At R. Talsorian Games, we write about Dark Futures for fun, but we also believe we have a responsibility to try and prevent them from happening.

We want to make it clear, we do not blame the staff of Gen Con 2021 or the Indiana Convention Center in any way. 

(7) AUREALIS AWARDS NEWS. The 2021 Aurealis Awards are open for entry through December 14.

The Aurealis Awards, Australia’s premier awards for speculative fiction, are for works created by an Australian citizen or permanent resident, and published for the first time between 1 January 2021 and 31 December 2021.

Full Award Rules and FAQ can be found on the Aurealis Awards website.

The Aurealis Awards judges welcome electronic entries in all categories, including novels, short stories, novellas, illustrated work / graphic novels, collections, anthologies, children’s and young adult fiction.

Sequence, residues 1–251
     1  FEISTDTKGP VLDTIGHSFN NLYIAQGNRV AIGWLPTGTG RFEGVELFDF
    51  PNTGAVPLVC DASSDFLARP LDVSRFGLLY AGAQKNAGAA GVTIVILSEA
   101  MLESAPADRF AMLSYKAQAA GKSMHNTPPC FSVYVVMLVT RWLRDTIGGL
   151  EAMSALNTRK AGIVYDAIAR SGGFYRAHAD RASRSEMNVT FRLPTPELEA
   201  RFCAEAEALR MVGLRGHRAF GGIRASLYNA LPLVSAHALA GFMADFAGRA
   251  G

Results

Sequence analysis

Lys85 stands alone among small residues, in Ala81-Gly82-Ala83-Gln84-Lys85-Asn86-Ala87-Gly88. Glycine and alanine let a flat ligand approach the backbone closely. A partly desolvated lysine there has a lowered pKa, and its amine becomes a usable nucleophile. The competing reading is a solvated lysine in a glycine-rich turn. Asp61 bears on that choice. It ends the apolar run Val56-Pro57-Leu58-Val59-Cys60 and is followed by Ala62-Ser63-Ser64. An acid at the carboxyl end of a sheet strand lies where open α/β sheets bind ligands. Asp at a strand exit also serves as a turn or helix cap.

Finalists of all award categories will be announced early in 2022 and winners announced at a ceremony to take place in the first half of the year. For more information on the awards or for the entry form, visit the Aurealis Awards website at https://aurealisawards.org/.

The Convenors’ Award for Excellence is also open to entries.

This is awarded at the discretion of the convenors for a particular achievement in speculative fiction or related areas in the year that cannot otherwise be judged for the Aurealis Awards.

(8) MEDIA BIRTHDAY.

  • 1974 – Forty-seven years ago today, Jefferson Starship’s Dragon Fly was released on Grunt Records, a vanity label founded in 1971 by themselves. It was the debut album for the recently renamed Jefferson Airplane. The entire album is somewhat SF in nature, particularly  “All Fly Away” and “Hyperdrive”.  Two years later, the latter song would be used in the opening ceremonies at MidAmeriCon.

(9) TODAY’S BIRTHDAYS.

[Compiled by Cat Eldridge.]

  • Born September 1, 1875 — Edgar Rice Burroughs. Bradbury declared him “the most influential writer in the entire history of the world.” Now I’d not necessarily disagree or agree with that statement but I said last year that he has largely fallen out of public notice and I’ll stand by that claim. So what’s your favorite works by him? The Barsoom stories are mine. (Died 1950.)